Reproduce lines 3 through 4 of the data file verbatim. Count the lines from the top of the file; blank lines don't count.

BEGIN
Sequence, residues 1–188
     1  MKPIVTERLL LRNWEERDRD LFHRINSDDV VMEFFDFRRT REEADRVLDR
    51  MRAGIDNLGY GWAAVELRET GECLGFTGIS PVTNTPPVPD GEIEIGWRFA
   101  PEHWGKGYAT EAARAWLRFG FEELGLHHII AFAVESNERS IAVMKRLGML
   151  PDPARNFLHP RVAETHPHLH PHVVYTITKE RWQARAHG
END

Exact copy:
    51  MRAGIDNLGY GWAAVELRET GECLGFTGIS PVTNTPPVPD GEIEIGWRFA
   101  PEHWGKGYAT EAARAWLRFG FEELGLHHII AFAVESNERS IAVMKRLGML